Salience: Agenda Choices by Competing Candidates
AbstractWhich issues are discussed by candidates in an election campaign? Why are some issues never discussed? Model tractability is lost quickly when dealing with these questions, partly because of the multidimensional voting inherent in models of multiple issues. Our model features two candidates for office who can talk about any subset of issues, allowing uncertainty both on the part of voters and candidates, and taking candidates to be office motivated. Candidates move first and simultaneously, announcing any positions they choose on any issues. To us, salience is simply the discussion of an issue in a campaign. If both candidates and voters are expected utility maximizers, we find salience results, in that candidates typically want to talk about everything (or they are indifferent between talking and nonsalience). Leaving the expected utility framework, we present an example using “Knightian uncertainty” or “maxmin expected utility with multiple priors” of Gilboa-Schmeidler to illustrate how robust nonsalience and salience of issues might be generated.
Download InfoIf you experience problems downloading a file, check if you have the proper application to view it first. In case of further problems read the IDEAS help page. Note that these files are not on the IDEAS site. Please be patient as the files may be large.
Bibliographic InfoPaper provided by EconWPA in its series Game Theory and Information with number 0407003.
Length: 25 pages
Date of creation: 30 Jul 2004
Date of revision:
Note: Type of Document - pdf; pages: 25
Contact details of provider:
Web page: http://184.108.40.206
Salience; Candidate Competition; Elections; Knightian Uncertainty; Non-Expected Utility Theory; Maxmin Expected Utility with Multiple Priors; Gilboa-Schmeidler; Ambiguity Aversion;
Other versions of this item:
- D72 - Microeconomics - - Analysis of Collective Decision-Making - - - Political Processes: Rent-seeking, Lobbying, Elections, Legislatures, and Voting Behavior
- C72 - Mathematical and Quantitative Methods - - Game Theory and Bargaining Theory - - - Noncooperative Games
- D82 - Microeconomics - - Information, Knowledge, and Uncertainty - - - Asymmetric and Private Information; Mechanism Design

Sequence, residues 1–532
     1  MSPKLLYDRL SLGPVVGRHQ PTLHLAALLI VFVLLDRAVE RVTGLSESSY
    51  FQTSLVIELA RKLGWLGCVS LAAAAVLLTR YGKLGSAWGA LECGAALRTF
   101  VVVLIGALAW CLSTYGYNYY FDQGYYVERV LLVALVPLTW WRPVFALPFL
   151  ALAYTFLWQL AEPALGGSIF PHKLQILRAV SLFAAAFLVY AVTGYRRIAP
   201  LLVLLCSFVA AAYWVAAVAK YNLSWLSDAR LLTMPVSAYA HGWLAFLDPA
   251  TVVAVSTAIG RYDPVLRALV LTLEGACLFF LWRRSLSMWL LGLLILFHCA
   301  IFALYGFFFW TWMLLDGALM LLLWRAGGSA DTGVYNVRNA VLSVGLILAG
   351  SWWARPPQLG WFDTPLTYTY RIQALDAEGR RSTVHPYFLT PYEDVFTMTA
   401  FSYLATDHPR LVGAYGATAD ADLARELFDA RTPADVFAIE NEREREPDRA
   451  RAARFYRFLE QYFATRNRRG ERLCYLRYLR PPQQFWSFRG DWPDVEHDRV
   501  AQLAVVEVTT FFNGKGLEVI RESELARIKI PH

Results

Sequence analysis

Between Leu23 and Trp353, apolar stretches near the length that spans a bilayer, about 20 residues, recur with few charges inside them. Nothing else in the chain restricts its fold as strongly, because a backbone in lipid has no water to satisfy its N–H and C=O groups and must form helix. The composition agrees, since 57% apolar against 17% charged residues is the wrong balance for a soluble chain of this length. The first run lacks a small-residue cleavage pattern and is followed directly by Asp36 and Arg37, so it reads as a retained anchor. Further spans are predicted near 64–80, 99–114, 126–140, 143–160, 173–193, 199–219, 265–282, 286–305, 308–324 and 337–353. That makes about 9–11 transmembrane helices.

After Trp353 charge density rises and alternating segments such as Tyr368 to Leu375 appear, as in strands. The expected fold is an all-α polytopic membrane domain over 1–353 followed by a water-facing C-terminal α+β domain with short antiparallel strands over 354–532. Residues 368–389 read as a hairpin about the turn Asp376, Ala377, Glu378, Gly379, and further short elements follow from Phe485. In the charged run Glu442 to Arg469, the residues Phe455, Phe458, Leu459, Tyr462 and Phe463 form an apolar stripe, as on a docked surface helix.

This paper has been announced in the following NEP Reports:
Please report citation or reference errors to , or , if you are the registered author of the cited work, log in to your RePEc Author Service profile, click on "citations" and make appropriate adjustments.:
- Glazer, Amihai & Lohmann, Susanne, 1999. " Setting the Agenda: Electoral Competition, Commitment of Policy, and Issue Salience," Public Choice, Springer, vol. 99(3-4), pages 377-94, June.
- Heath, Chip & Tversky, Amos, 1991. " Preference and Belief: Ambiguity and Competence in Choice under Uncertainty," Journal of Risk and Uncertainty, Springer, vol. 4(1), pages 5-28, January.
- Ho, Joanna L Y & Keller, L Robin & Keltyka, Pamela, 2002. " Effects of Outcome and Probabilistic Ambiguity on Managerial Choices," Journal of Risk and Uncertainty, Springer, vol. 24(1), pages 47-74, January.
- Cukierman, Alex & Alesina, Alberto, 1990.
"The Politics of Ambiguity,"
4552530, Harvard University Department of Economics.
- Adams, James, 1999. " Multiparty Spatial Competition with Probabilistic Voting," Public Choice, Springer, vol. 99(3-4), pages 259-74, June.
- Richard Ball, 1999. "Discontinuity and non-existence of equilibrium in the probabilistic spatial voting model," Social Choice and Welfare, Springer, vol. 16(4), pages 533-555.
- Chow, Clare Chua & Sarin, Rakesh K, 2001. " Comparative Ignorance and the Ellsberg Paradox," Journal of Risk and Uncertainty, Springer, vol. 22(2), pages 129-39, March.
- Gilboa, Itzhak & Schmeidler, David, 1989. "Maxmin expected utility with non-unique prior," Journal of Mathematical Economics, Elsevier, vol. 18(2), pages 141-153, April.
- Enriqueta Aragonés & Andrew Postlewaite, 1999. "Ambiguity in election games," Economics Working Papers 364, Department of Economics and Business, Universitat Pompeu Fabra.
- Burkhard S & Hee Yeul Woo, 2014. "Political Awareness, Microtargeting of Voters, and Negative Electoral Campaigning," Working Papers 148, University of California, Davis, Department of Economics.
- Bade, Sophie, 2011. "Electoral competition with uncertainty averse parties," Games and Economic Behavior, Elsevier, vol. 72(1), pages 12-29, May.
- Takao Asano & Akihisa Shibata, 2011.
"Risk and uncertainty in health investment,"
The European Journal of Health Economics,
Springer, vol. 12(1), pages 79-85, February.
- Burkhard Schipper & Hee Yeul Woo, 2012. "Political Awareness and Microtargeting of Voters in Electoral Competition," Working Papers 124, University of California, Davis, Department of Economics.
- Guido, Cataife, 2007. "The pronouncements of paranoid politicians," MPRA Paper 4473, University Library of Munich, Germany.
For technical questions regarding this item, or to correct its authors, title, abstract, bibliographic or download information, contact: (EconWPA).
If you have authored this item and are not yet registered with RePEc, we encourage you to do it here. This allows to link your profile to this item. It also allows you to accept potential citations to this item that we are uncertain about.
If references are entirely missing, you can add them using this form.
If the full references list an item that is present in RePEc, but the system did not link to it, you can help with this form.
If you know of missing items citing this one, you can help us creating those links by adding the relevant references in the same way as above, for each refering item. If you are a registered author of this item, you may also want to check the "citations" tab in your profile, as there may be some citations waiting for confirmation.
Please note that corrections may take a couple of weeks to filter through the various RePEc services.